January 12, 2017 7:10 pm
Updated: January 13, 2017 9:30 am

Delta Police deploy new tool to help curb dangerous car chases

Delta police are putting a new crime fighting tool to the test. It's a GPS tracking system that can replace the chase. Jill Bennett explains how it works.

A A

A new crime-fighting tool being used by the Delta Police looks like something out of a James Bond movie.

Instead of engaging in a potentially dangerous car chase, the new technology will allow officers to shoot a GPS dart from the grill of their cruiser onto a suspect’s vehicle and track it online.

The idea is that by not having to pursue the suspect, police are able to fall back and monitor the location of the vehicle before sending in additional officers to intercept it when it’s stopped safely.

Why StarChase technology?

After an increasing number of ‘fail to stop’ incidents in early 2016 and an increasing frustration with having a limited ability to capture cars that flee, the Delta Police started to research options. One option, StarChase Pursuit Management Techonology, caught their attention.

Delta Police unveil new tool to help curb car chases.

Delta Police

Story continues below

The StarChase system is made up of a vehicle mounted compressed air launcher, operator console, tracking projectiles, key-fob discharge control, web-based tracking software and the handheld 54 millimetre compressed air launcher.

But with new tech comes new expenses. That’s when the Delta Police Foundation stepped up and agreed to fund the project.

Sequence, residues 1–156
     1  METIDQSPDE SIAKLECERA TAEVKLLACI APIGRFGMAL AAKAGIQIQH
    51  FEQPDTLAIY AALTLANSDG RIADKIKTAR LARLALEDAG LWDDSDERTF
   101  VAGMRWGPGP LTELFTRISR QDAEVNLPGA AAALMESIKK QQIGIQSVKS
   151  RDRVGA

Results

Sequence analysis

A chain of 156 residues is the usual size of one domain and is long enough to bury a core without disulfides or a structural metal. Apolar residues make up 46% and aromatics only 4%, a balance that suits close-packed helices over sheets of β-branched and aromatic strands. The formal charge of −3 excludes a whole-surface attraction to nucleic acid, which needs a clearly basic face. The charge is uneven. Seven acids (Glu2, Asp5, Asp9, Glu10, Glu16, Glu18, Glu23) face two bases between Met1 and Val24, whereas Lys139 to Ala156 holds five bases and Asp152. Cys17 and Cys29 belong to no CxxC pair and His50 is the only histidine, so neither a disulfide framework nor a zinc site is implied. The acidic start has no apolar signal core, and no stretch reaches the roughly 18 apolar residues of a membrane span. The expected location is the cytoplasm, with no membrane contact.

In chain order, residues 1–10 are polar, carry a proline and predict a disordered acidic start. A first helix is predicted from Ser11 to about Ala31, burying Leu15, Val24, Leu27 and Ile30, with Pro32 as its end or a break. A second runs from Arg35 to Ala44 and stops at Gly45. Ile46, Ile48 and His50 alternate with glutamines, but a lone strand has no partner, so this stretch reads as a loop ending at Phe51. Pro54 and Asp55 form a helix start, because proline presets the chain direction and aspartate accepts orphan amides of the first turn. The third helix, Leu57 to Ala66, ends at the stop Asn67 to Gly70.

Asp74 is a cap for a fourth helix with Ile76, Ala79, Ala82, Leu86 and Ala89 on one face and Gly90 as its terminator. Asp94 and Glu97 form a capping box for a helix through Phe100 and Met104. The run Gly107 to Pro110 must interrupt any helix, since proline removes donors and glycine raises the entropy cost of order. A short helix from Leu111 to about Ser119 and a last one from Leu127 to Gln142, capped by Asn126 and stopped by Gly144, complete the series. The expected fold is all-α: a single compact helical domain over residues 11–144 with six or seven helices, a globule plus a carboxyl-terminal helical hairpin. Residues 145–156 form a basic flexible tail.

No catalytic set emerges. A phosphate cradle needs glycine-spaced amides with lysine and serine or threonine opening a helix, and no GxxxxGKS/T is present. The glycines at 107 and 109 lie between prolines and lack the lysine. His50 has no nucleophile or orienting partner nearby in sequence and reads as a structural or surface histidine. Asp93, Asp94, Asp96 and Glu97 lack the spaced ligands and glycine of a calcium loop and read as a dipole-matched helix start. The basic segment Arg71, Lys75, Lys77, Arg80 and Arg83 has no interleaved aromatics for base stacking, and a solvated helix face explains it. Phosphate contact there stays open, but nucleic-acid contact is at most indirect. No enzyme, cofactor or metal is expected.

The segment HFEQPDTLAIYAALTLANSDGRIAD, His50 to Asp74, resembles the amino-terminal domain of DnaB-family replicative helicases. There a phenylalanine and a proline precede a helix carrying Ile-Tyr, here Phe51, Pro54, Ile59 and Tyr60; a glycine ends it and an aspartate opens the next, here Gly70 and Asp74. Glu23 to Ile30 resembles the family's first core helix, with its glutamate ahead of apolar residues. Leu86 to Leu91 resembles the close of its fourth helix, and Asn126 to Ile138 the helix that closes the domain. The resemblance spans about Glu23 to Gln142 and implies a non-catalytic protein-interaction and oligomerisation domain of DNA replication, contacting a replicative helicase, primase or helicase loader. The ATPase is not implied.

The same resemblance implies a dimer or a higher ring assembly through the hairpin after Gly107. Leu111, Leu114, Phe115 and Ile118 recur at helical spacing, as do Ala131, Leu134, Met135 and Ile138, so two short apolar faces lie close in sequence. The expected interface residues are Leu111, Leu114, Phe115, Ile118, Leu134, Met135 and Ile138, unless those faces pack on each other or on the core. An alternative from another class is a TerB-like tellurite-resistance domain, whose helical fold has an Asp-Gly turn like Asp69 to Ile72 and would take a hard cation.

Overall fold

Now eight police vehicles in the Delta Police fleet are equipped with the chase technology, which makes them the first department in Canada to use StarChase. Abbotsford Police have also ordered the same technology.

“We do recognize there is no one tool that serves as a “silver bullet” to solve any one issue,” said Delta Police Chief Neil Dubord in a statement.

“I do believe it is incumbent on us to employ advanced technology options that may assist us in our efforts to be effective at doing our job while mitigating risk to the public.”

With officers trained, protocols in place and equipment installed, the force says they were able to successfully deploy the technology on Wednesday night. Officers shot their first dart onto a vehicle they noticed was being driven erratically.

The Delta Police will be assessing the workability and functionality of the technology in an operational environment over the course of the year.

Report an error

Comments

Want to discuss? Please read our Commenting Policy first.